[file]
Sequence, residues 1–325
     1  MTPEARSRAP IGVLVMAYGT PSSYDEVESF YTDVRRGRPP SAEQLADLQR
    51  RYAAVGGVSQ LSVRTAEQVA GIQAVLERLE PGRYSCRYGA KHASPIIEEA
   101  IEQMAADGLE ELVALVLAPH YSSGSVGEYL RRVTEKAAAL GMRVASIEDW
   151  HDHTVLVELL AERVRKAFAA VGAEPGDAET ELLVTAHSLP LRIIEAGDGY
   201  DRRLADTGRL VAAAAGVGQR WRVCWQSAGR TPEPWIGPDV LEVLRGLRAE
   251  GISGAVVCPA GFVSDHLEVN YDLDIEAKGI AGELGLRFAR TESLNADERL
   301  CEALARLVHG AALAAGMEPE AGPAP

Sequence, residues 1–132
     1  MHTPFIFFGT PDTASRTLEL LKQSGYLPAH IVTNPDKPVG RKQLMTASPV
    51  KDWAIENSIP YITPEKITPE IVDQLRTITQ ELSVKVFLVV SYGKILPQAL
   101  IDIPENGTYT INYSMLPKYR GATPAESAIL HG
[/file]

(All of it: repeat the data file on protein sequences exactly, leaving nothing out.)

Sequence, residues 1–325
     1  MTPEARSRAP IGVLVMAYGT PSSYDEVESF YTDVRRGRPP SAEQLADLQR
    51  RYAAVGGVSQ LSVRTAEQVA GIQAVLERLE PGRYSCRYGA KHASPIIEEA
   101  IEQMAADGLE ELVALVLAPH YSSGSVGEYL RRVTEKAAAL GMRVASIEDW
   151  HDHTVLVELL AERVRKAFAA VGAEPGDAET ELLVTAHSLP LRIIEAGDGY
   201  DRRLADTGRL VAAAAGVGQR WRVCWQSAGR TPEPWIGPDV LEVLRGLRAE
   251  GISGAVVCPA GFVSDHLEVN YDLDIEAKGI AGELGLRFAR TESLNADERL
   301  CEALARLVHG AALAAGMEPE AGPAP

Sequence, residues 1–132
     1  MHTPFIFFGT PDTASRTLEL LKQSGYLPAH IVTNPDKPVG RKQLMTASPV
    51  KDWAIENSIP YITPEKITPE IVDQLRTITQ ELSVKVFLVV SYGKILPQAL
   101  IDIPENGTYT INYSMLPKYR GATPAESAIL HG